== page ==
In the settlement, Google has agreed to insure that all incoming email to Gmail users and all outgoing email from Gmail users is processed in a manner that plaintiffs and Class Counsel agree does not violate CIPA or the Wiretap Act. Specifically, (1) for incoming email, Google will eliminate any processing of email content that it applies prior to the point when the Gmail user can retrieve the email in his or her mailbox using the Gmail interface (currently, this occurs when the email is stored in the “Tingle” server) that is used for the distinct purpose of advertising and creating advertising user models; (2) with regard to any information generated by other processing of email content that Google applies before the Gmail user can retrieve the email in his or her mailbox using the Gmail interface, Google will not use or access such information for the purpose of serving targeted advertisements or creating advertising user models until after the Gmail user can retrieve the email in his or her mailbox using the Gmail interface; (3) for outgoing email, Google will refrain from any processing of email content that it applies prior to the point when the Gmail user can retrieve the outgoing email in his or her mailbox using the Gmail interface (currently, this occurs when the email is stored in the “Tingle” sever) that is used for the distinct purpose of advertising and creating advertising user models; and (4) with regard to any information generated by other processing of email content that Google applies before the Gmail user can retrieve the outgoing email in his or her mailbox using the Gmail interface, Google will not use or access such information for the purpose of serving targeted advertisements or creating advertising user models until after the Gmail user can retrieve the email in his or her mailbox using the Gmail interface.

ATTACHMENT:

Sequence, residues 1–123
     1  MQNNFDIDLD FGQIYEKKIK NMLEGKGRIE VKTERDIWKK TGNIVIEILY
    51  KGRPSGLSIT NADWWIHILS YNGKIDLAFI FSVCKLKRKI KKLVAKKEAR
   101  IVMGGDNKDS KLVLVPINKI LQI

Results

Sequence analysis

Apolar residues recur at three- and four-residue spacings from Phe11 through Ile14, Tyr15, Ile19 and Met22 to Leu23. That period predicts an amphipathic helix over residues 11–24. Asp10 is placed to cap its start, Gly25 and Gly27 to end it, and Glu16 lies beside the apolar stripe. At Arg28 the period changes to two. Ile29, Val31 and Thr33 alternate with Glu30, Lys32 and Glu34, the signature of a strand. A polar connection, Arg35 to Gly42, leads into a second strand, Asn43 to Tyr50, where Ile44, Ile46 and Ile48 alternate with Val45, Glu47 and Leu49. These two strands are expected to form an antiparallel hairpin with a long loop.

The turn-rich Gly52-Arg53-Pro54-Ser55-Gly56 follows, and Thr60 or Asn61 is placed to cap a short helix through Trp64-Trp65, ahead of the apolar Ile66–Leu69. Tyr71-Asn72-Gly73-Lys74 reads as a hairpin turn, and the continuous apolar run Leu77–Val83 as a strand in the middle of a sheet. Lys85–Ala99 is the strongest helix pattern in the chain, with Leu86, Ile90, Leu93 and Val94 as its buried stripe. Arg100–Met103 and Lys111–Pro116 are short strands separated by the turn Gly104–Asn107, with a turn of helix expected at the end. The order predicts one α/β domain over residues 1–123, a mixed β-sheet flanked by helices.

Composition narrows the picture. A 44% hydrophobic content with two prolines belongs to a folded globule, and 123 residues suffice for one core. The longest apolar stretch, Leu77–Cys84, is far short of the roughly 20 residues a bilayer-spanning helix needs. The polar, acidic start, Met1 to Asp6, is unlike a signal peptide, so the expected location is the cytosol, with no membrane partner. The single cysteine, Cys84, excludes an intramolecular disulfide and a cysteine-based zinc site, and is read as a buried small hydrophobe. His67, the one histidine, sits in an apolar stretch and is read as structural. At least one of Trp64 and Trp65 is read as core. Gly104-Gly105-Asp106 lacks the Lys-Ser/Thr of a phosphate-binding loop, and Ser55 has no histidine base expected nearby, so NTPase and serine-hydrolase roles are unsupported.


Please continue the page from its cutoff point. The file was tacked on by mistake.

Notice, at 2.

         This notice is difficult to understand and does not clearly disclose the fact that Google intercepts, scans, and analyzes the content of emails sent by non-Gmail users to Gmail users for the purpose of creating user profiles of the Gmail users to create targeted advertising for the Gmail users. Moreover, the notice does not clearly disclose what technical changes the settlement requires. At the preliminary approval hearing, the parties explained that the injunction would prohibit Google from scanning in transit email for the sole purpose of collecting advertising data, but would allow Google to scan incoming in transit email for the “dual purpose” of (1) detecting spam and malware and (2) obtaining information that would be “later used for advertising purposes.” H'rg Tr. at 26 (emphasis added). Specifically, once the email is in storage, the injunction allows Google to access the “metadata generated during the spam scanning process”- which was collected while the email was in transit-and use that metadata “for advertising purposes.” Id. at 27 (emphasis added). The “dual purpose” to which Plaintiff refers is not clearly disclosed in the notice to Class Members. See Notice, at 2.

         Further, it is not clear that the “dual purpose” will bring Google into compliance with the Wiretap Act and CIPA. See Backhaut v. Apple, Inc., 74 F.Supp.3d 1033, 1042 (N.D. Cal. Nov. 19, 2014) (noting that the “Wiretap Act protects communications in transit” and “generally prohibits the ‘interception' of ‘wire, oral, or electronic communications'”); NovelPoster v. Javictch Canfield Grp., 140 F.Supp.3d 938, 954 (N.D. Cal. 2014) (“The analysis for a violation of CIPA is the same as that under the federal Wiretap Act.”). Plaintiffs' motion for preliminary approval provides no authority as to whether or why the injunction's “dual purpose” interception, scanning, and analysis of in transit emails brings Google into compliance with the Wiretap Act or CIPA. See generally Mot.